Sage Alyte is the brainchild of Roxane Métayer (Disques du chevet, Morc, Krut) and David Jarrín Zabala (Disposición Asoleada, Lexi Disques). In its early days, the duo focused on live performances and the joy of intuitively composing and playing. Dressed in black, with the gravity of hypnotising snakes, they played fiery and enveloping melodies in local squats, cafés and small theatres. Paume de Pierre, palm of stone in French, is a testimony of these spirited moments. Seeking to materialise the fleeting and fascinating phenomena of nature, Sage Alyte has designed a grapevine of visions using a sober array of instruments (violin, banjo, gongs and bird calls) that evoke the scent of stone mortars milling cumin, pepper, cinnamon and herbs, or even those forest rocks that open like hands to dew, to dead leaves and branches that through their interlacing veins reflect starry skies, lights chasing the exact definition of dragonflies, water spiders, beetles, the muzzle of a horse, the shadow of an owl. All eight pieces of the album aim to create new ceremonies and rites and thus edge nearer to traditional music from the Andes or France.
Sage Alyte understands that daily life is filled with imperceptible ritual cycles of initiation, sowing, harvesting and metamorphosis that are expressed through dances whose steps are vaporous and minimal: in a sip of tea, the turn of a key, the tinkling of a gong. This is why each song is the result of a simple gesture like the rise of shadows, translucent spiders, toads and sparks that do not refer to a distant otherness, but to the lightness of everyday life when paying attention is enough to realize that everything dances, sings and waits for a renewed rite.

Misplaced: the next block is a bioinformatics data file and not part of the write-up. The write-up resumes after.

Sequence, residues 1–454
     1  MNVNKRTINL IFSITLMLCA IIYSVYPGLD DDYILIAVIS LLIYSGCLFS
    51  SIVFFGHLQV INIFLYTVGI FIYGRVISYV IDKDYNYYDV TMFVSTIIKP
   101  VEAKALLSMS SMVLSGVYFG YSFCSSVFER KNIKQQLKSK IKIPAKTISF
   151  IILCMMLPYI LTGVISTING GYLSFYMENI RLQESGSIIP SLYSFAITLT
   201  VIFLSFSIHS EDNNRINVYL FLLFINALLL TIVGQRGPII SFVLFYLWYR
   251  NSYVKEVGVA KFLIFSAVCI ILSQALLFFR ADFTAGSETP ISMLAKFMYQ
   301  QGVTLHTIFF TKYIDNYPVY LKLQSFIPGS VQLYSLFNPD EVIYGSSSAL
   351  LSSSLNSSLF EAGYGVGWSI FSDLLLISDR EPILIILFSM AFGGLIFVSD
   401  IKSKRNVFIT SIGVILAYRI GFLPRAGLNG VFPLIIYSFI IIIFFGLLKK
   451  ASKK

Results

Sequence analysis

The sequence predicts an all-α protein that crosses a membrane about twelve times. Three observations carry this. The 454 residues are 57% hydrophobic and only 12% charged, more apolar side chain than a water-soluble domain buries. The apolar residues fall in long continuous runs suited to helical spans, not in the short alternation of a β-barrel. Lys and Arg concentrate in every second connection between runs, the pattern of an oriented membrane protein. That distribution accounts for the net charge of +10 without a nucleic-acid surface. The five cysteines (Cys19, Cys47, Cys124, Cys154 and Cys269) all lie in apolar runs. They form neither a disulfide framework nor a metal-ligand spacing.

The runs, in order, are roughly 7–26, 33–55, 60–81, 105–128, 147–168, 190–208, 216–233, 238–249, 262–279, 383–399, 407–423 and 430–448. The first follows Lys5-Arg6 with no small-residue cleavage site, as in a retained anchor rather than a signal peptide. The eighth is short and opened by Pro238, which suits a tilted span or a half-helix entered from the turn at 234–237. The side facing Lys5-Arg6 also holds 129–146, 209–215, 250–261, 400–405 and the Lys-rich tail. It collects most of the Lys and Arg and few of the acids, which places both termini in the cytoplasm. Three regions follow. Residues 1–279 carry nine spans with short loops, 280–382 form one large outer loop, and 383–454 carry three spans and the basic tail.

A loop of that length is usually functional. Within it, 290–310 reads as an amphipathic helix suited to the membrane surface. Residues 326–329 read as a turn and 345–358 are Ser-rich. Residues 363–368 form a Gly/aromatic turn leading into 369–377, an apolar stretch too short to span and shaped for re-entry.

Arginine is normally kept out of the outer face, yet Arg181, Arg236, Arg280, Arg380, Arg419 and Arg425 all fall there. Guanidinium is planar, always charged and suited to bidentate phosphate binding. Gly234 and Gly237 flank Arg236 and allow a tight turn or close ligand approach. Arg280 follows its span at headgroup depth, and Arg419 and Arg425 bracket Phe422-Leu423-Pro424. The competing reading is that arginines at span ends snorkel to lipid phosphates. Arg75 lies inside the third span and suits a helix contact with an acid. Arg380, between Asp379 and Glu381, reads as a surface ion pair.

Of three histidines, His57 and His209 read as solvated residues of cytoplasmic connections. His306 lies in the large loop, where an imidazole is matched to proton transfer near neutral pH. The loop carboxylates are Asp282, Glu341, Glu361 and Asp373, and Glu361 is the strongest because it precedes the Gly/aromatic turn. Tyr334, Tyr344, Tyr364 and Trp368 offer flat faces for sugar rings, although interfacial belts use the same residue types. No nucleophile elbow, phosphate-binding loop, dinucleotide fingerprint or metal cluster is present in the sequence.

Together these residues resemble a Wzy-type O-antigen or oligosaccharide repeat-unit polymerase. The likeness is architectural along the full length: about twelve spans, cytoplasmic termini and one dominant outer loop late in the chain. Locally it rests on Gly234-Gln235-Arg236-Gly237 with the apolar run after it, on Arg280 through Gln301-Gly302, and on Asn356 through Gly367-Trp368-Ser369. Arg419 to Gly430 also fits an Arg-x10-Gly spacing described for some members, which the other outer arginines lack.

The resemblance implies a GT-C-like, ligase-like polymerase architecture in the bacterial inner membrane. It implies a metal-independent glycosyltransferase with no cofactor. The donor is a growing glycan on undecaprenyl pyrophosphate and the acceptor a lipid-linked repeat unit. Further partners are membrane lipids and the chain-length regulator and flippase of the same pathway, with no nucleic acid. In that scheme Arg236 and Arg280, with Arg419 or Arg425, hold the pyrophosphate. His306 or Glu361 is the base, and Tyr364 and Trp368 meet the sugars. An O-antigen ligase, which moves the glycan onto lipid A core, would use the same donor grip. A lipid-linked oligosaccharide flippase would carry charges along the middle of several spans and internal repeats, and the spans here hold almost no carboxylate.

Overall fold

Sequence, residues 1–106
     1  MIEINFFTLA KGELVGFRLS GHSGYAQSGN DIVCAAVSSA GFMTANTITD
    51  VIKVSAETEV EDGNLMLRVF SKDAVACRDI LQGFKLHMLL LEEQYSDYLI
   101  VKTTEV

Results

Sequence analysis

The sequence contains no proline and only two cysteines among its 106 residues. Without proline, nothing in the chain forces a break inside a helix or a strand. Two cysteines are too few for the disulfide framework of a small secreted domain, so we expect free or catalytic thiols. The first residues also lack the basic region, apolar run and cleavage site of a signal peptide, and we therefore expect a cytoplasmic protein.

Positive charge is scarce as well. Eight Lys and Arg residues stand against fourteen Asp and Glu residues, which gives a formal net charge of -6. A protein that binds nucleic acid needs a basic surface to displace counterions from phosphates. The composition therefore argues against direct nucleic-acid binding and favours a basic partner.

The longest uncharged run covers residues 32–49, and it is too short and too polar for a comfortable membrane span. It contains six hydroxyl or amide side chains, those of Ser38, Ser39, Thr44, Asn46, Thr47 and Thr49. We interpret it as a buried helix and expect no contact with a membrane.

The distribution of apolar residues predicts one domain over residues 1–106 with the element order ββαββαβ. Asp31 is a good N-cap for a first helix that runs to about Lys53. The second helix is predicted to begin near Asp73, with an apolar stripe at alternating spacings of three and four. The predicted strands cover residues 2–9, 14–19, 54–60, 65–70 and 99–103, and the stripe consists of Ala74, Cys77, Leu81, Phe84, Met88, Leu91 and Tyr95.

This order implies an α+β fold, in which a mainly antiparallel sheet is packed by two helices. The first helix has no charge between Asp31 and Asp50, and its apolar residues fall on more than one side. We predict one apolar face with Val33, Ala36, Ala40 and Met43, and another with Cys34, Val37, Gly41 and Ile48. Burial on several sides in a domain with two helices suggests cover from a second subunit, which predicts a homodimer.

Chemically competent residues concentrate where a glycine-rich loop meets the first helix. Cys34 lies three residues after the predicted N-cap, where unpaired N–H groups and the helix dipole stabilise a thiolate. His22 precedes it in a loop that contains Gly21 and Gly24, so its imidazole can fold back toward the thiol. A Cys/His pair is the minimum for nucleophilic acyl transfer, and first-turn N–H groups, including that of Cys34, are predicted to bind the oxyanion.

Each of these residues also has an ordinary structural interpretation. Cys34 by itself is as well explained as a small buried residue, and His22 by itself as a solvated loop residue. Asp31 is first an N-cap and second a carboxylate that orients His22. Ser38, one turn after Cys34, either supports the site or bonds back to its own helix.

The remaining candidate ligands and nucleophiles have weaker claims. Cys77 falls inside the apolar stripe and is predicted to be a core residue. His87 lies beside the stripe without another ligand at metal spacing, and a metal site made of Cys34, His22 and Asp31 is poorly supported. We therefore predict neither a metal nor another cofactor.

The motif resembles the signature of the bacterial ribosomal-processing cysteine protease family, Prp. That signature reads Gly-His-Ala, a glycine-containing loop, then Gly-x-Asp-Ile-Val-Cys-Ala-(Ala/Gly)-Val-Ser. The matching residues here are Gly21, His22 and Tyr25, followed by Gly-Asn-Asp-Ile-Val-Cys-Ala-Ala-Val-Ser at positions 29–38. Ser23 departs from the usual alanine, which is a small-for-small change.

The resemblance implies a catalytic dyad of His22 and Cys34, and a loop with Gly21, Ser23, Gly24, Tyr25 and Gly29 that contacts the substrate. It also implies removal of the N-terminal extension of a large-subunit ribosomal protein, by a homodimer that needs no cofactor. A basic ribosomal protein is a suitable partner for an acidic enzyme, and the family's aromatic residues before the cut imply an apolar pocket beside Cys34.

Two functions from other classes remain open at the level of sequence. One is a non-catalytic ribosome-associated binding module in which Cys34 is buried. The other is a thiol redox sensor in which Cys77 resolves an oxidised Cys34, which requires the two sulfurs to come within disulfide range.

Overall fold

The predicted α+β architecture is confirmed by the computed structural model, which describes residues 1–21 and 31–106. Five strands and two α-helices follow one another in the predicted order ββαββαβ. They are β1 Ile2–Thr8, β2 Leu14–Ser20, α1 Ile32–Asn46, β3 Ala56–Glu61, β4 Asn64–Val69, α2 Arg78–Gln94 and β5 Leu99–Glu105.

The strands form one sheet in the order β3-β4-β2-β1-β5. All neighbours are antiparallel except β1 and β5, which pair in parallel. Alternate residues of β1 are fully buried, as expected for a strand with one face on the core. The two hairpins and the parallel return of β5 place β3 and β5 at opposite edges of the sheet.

The stories running through Paume de Pierre bring it closer to an evasive tradition of the underground that can be recognised in the ethereal character of lightning and thunder, in the context of albums that take shape in the shade and are often remembered more by their ancient traces than by the echo of their steps. Such works are also manifestations of momentary conjunctions of artists making their different and singular approaches a fertile common ground, as in the case of ‘Trees, Chants and Hollers’ by Valerie Webb & Paul Labreque, or ‘At Swim Two Birds’ by Peter Jefferies & Jono Lonie, or, in a register closer to pop, ‘Flaming Tunes’ by Marie Currie and Gareth Williams. This debut album by Sage Alyte marks an interest in collaborations and sound worlds that draw their inspiration from clay and dust and spiral upwards to connect with the realms of the cosmic and epic.